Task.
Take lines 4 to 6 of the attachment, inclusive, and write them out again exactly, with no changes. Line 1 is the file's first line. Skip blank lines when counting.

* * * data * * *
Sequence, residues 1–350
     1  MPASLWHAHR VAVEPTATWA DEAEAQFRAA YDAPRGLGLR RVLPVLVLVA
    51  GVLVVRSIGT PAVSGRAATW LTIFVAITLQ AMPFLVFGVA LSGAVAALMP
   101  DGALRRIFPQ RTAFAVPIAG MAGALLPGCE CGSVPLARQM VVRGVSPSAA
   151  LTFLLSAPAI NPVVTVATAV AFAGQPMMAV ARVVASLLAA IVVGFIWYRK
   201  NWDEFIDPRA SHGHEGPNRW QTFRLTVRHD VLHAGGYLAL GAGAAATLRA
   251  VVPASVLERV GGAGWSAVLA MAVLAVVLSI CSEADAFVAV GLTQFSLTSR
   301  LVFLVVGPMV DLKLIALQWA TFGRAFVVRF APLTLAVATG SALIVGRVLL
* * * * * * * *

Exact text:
   101  DGALRRIFPQ RTAFAVPIAG MAGALLPGCE CGSVPLARQM VVRGVSPSAA
   151  LTFLLSAPAI NPVVTVATAV AFAGQPMMAV ARVVASLLAA IVVGFIWYRK
   201  NWDEFIDPRA SHGHEGPNRW QTFRLTVRHD VLHAGGYLAL GAGAAATLRA